Boy: So what should I get her? Some red roses? A necklace with a moon pendant? That’d be clever, wouldn’t it, and romantic too.
Me: Must your lover be doomed to either receive a wilting bouquet symbolising love or have your love for her compared to a dull satellite that waxes and wanes?
Boy: Are you always like this? It must be exhausting.
Me: Exhausting? I find it most exhilarating; don’t you?
Me, to a younger woman after a scene with a disgruntled male customer: You’ll find that when not given whatever it is that they wanted immediately and gladly, men tend to revert to a toddler-like state.
Person: What about your father? You never talk about him.
Me: My parents divorced before I was born, so it’s always been me and my mum, just the two of us.
Person: Oh I’m sorry.
Me: I’m not, so please don’t feel sorry on my behalf. I don’t feel sorry for myself, never have, never will.
Person: It must’ve been hard?
Me: Not all all. My mother loves me more than I could ever deserve, so I had everything I needed, everything I wanted. It was more than enough. Besides, this single-parent household thing is what’s normal to me, not living with a father under the roof. That’d be weird. And totally unimaginable. I don’t even want to think about it.
Person: Is that why you are so pessimistic about love and marriage? It does make sense now that I know.
Me: Well, depends on how you see it. I don’t think my parents’ divorce—and all the other miserable business in my family—made me the way I am. I made me. I’ve always seen the world, and my personal life in particular, through lenses tinted with hopelessness and despair—I’m probably the saddest bitch you know. I was emo/gothic back in the day. Even now, I’m drawn to darkness and melancholy. Once emo, always emo, I guess.
Person: You know, things might be different for you, they might work out and before you know it, you are happily married, a family in the works!
Me: I highly doubt it. I can’t see myself as a bride or a wife or a mother. Or, I can, but the most prominent image is that of me dashing out of the house in the dead of night, child in my arms, running away for good. Or, if it’s not the husband, it’s me, either stuffing shit up as per usual and/or passing depressive genes to our unborn child, which in turn will stuff them up…but that’s my anxiety talking—I don’t even have a boyfriend, let along a husband. I’ll most likely die alone, in an unkept home or on the street, god knows life can be unpredictable. But you know what? That’s the thing. I know that divorce and breakups are a common occurrence, that pain and suffering are inevitable. I never held any grand illusions about walking down the aisle in a white-ass dress on my ‘big day’ and into some eternal domestic bliss with the occasional, surmountable hiccup. As a child I never dreamt of marriage, and I’ve come to see it as more of a prelude to divorce for most of us anyway, the 99% who will not end up happily married for 60 years, who will die hours or days apart from their beloved childhood sweetheart-turned-soulmate. Some of us will never find the one, have the love of a lifetime. And that’s okay. It’s a fact I’ve known and accepted all along. Life is an affliction that manifests in broken hearts and broken minds, and finally in death. We are all dying, we’ve been dying since the moment of our conception, if you think about it. And that’s okay too, because, on the good days at least, I have something to live for. Many things: the satisfaction of transforming thoughts into words or works of art; the trance-like state one enters upon hearing a song that surely must be meant for them, so in tune is it with the moody old soul of the listener; the grand artistry of a film well done, an exhibition well executed, a concert that exceeded all expectations; the electric jolt experienced when a fictional character’s mentality or behaviour bares an uncanny resemblance to yours, when a poem or passage expressed what you could not, and so much more. So there; appreciation of beauty and excellence, that’s my raison d’être, not the search for love everlasting.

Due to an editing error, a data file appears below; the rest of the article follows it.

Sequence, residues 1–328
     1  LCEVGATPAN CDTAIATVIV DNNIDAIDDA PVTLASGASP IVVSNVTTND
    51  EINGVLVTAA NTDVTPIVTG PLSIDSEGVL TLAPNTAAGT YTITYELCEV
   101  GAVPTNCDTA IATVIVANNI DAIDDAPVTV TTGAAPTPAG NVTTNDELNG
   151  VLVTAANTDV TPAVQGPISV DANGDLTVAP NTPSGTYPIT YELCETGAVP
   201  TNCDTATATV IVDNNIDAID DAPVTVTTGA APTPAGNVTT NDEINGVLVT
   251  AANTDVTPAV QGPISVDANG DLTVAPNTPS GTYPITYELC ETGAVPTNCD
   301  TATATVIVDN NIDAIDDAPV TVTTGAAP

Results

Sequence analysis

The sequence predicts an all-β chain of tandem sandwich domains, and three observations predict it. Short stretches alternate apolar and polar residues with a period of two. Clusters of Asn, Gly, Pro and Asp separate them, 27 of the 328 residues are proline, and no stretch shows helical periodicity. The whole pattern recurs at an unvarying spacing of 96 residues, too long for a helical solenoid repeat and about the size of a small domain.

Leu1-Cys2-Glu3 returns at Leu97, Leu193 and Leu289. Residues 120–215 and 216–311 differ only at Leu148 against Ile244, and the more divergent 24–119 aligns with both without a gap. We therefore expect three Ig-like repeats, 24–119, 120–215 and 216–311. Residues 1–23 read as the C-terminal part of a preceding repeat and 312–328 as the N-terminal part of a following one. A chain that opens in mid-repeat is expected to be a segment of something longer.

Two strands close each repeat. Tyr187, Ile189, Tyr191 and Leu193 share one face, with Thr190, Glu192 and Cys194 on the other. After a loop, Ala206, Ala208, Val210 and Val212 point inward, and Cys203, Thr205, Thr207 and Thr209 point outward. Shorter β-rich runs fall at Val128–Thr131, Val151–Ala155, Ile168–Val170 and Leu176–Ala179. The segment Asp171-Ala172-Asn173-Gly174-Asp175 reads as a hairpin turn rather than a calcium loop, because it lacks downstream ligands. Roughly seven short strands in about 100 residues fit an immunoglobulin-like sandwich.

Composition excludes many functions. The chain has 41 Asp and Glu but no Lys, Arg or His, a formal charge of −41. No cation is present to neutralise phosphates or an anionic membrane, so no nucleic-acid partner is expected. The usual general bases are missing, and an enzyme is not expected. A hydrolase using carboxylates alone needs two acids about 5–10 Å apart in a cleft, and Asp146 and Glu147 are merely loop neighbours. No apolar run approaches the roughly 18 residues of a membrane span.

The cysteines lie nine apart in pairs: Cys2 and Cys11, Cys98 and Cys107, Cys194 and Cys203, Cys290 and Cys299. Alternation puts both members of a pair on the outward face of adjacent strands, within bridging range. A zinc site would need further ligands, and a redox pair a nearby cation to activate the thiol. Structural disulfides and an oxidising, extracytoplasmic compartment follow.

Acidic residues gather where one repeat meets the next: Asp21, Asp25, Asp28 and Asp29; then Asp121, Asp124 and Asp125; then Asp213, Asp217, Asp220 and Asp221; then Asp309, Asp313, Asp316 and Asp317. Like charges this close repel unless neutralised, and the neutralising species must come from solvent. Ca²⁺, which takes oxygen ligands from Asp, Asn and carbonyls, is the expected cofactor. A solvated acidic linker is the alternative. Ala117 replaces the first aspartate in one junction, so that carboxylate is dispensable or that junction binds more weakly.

Person: Whoa, that’s-tha-what’s the word, you are so…
Me: Fucking crazy? Batshit cray?
Person: Well, for lack of a better word, yeah.
Me: I know.
Me: Hi, how can I help you?
Man: *looks me up and down with his sleazy peepers, like a salivating dog eyeing a choice slice of meat* Oh, you can help me alright, darling!
Me: This is a cake shop, not a brothel. The last time I checked, we sell cakes, not girls. And just because I happen to be a girl between the ages of 18 and 24 it doesn’t mean I provide the service you are looking for. In short, get the fuck out before I call the cops!
Man: A quickie can’t hurt, can it?
Me: Sir, with all due respect, that is not part of my job description. Let’s see…*pretends to read checklist of daily chores* clearing tables, ensuring that the shop’s fully stocked, answering phone calls, etc., I do. You, I do not. That is, I most definitely do not fancy a fuck. Now, if you’ll excuse me, I must serve the lady standing next to you. I trust you’ll show yourself out? Strut!